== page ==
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P. Simmons
P. Simmons, Attorney
Category: Legal
Satisfied Customers: 32813
Experience:  16 yrs. of trial experience
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M. Donnelly, Would I need an attorney to file a complaint

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M. Donnelly, Would I need an attorney to file a complaint in the Virgina court system based on breach of contract? Can you suggest somebody for him in Norfolk, VA? He is in the service and is limited on funds.
I have a recommendation of a Norfolk attorney i know who is very good and works with servicemembers but dont want to jump in on anothers question...are you looking for a recommendation from an M. Donnelly?

Customer: replied 8 years ago.
Yes I am looking for a reply from M. Donnelly. Has this attorney you know dealt with these types of situations where the service member has had trouble paying like my son? What is their record for satisfying the client in these types of cases and does this attorney work on a sliding scale basis? Did you see my original question and the answer from M. Donnelly?
Sorry, i did not see the original post.

And I dont want to step on another toes.

If you dont get help from M Donnelly, I do know a fellow in Norfolk that I worked with when I was in the Marines (he was a civilian counsel in a case so I know he works with fact I believe he is retired navy).

Cant speak to his fees

Customer: replied 8 years ago.
Thanks Philip! My original Q was; My son took out a loan from Navy Federal Credit Union in Virginia for a used car. He thought the interest rate was 5.9% from the dealer. It turned out to be 10.5% but he did not know that until several weeks later. This loan was made in Dec 06. I asked him to get a copy of the contract so I could take a look at it. The CU then discovered that he had not signed the promissary note. His wife who was listed as cosigner on this note and who is no longer his wife did not sign it either. What are his options? The payments are $568 and the interest is really to high, can he walk away from this legally? Does the CU have a case against him if the car goes back? I spoke with my CU who said this transaction was wrong and I found on the internet at the site Ripped Off that this NFCU has done this to others. When challenged the NFCU lowered the rate. M. Donnelly wrote this; Since the promissary note was never signed, he could argue that there was no acceptance and hence never a legally binding contract to repay the loan and from that perspective, he would have no obligation to continue making payments. However, NFCU could argue that since he has been paying the note for almost 2 full years, he did accept, the terms and should be bound by the contract despite the wrong interest rate and no signature. Perhaps the best and easiest solution would be to simply ask that they honor the lower interest rate to the correct amount, re amortise the loan and lower his payment accordingly. I think the only alternative would be to file a Complaint in court based on their breach of contract and ask the court to order that the vehicle be returned and his money be refunded. My concern is still that the car is not worth what he owes and he is really having a hard time paying the payments since his divorce. The reason for the extra maount owed is that he traded in a jeep with an outstanding amount owed on it. That vehicle was paid off with a check from NFCU to the dealer. The check was in my son's name. Help!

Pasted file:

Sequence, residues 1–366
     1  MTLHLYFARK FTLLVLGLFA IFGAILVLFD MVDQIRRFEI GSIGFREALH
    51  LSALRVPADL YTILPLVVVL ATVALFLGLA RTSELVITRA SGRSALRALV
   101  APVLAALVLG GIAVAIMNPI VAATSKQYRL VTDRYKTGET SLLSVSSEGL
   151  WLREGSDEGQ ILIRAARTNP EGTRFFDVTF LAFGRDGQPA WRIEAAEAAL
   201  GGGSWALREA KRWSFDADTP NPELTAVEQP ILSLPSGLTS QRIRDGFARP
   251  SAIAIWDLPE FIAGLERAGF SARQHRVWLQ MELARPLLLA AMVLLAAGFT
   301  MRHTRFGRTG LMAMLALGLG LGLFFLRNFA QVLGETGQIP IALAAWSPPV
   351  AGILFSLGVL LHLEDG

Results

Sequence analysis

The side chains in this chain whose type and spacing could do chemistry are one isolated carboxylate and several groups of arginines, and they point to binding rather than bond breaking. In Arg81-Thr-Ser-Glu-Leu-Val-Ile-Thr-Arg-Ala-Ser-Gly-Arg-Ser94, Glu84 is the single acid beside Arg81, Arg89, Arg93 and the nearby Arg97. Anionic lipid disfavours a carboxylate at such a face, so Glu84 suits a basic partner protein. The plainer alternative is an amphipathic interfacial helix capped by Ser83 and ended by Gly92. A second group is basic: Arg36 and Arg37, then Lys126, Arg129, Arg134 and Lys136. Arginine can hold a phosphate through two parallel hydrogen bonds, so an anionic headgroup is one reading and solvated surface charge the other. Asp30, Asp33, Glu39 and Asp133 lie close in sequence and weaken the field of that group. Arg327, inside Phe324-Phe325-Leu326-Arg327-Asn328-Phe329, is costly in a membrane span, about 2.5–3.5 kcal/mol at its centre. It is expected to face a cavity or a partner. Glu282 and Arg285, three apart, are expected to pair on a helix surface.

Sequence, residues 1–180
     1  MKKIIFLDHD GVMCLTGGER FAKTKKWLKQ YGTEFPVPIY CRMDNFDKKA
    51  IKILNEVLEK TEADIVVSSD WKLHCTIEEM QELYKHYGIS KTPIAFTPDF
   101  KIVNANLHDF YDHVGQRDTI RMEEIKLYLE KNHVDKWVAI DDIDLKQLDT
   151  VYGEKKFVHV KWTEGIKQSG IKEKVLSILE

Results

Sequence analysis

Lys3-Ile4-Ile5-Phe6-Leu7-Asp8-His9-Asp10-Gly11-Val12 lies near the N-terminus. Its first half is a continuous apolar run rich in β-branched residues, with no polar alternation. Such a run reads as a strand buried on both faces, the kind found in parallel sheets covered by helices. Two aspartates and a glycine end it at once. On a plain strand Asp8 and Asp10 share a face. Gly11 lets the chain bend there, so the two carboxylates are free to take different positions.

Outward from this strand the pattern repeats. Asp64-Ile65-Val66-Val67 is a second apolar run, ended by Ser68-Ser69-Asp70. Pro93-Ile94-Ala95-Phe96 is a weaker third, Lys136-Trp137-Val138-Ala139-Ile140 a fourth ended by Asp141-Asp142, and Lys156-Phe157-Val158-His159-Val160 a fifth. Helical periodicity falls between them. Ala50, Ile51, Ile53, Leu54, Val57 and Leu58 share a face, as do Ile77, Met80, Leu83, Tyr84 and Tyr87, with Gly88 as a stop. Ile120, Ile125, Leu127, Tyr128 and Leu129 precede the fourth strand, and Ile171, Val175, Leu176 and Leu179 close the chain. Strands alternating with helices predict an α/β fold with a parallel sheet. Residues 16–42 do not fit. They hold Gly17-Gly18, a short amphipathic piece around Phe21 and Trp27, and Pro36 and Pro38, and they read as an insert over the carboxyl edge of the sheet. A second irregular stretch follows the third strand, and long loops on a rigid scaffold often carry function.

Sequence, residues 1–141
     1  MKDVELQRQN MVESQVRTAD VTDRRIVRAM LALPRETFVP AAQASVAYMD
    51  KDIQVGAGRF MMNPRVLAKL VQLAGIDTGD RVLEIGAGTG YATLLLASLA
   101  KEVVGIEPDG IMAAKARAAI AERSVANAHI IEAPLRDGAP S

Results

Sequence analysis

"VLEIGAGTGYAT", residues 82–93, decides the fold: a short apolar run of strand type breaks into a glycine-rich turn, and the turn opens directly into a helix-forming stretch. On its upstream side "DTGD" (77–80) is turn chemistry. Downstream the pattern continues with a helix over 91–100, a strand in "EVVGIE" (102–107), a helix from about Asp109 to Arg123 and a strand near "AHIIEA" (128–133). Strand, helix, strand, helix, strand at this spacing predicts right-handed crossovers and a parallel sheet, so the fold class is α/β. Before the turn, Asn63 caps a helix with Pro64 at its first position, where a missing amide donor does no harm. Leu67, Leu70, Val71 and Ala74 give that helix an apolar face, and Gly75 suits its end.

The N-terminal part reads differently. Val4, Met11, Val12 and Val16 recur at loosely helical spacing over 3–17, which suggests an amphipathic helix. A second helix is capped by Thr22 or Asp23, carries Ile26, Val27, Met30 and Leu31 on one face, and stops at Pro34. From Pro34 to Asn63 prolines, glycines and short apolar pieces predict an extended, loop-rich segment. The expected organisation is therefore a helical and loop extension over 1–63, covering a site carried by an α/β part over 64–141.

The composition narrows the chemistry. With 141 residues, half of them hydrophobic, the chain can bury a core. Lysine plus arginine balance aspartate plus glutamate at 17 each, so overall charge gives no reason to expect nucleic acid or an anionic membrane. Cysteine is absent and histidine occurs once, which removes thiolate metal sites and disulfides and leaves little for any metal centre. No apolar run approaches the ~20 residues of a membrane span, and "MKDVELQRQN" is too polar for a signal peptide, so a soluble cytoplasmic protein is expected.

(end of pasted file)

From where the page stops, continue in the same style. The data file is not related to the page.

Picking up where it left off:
I agree with Mr Donnelly, that since the note was not signed, the bank will have a tough time enforcing about sloppy work practice. He is also correct that, after 2 years there appears to be a constructive contract.

I do have one question... "That vehicle was paid off with a check from NFCU to the dealer. The check was in my son's name."

Do you mean that the jeep was paid off by a personal check from you son that has been cashed?

Customer: replied 8 years ago.
I mean that NFCU issed a check to the dealership. My son went in to the dealer and signed the check. This checked paid off the Jeep thru the dealer and paid the dealer for the car. He never saw the promissory note. If this would be considered a constructive contract do you think NFCU would re-negotiate in good faith or should I get an attorney?
I see

It may be a constructive contract...if it lasted 1 month, perhaps not...2 years is closer to yes...particularly if he paid each month

I think you have leverage...your not the one who has to sue

I would have him (himself or through an attorney) contact nfcu and see what the leverage will bring. They wont say no unless you ask

As for an attorney...we both know the bank manager will take an attorney more seriously than your son...if only because of age and experience. No, worth the fee...that is a hard call. If you can get one that will work on a contingency (the better the deal the more your son pays...I think you mentioned the term sliding scale) that may be best

best of luck
P. Simmons and 4 other Legal Specialists are ready to help you
Customer: replied 8 years ago.

What is the name of that attorney? M. Donnelly has not responded.


Use my name in vain if it will help

Best of luck
Customer: replied 8 years ago.
Thank you hope so!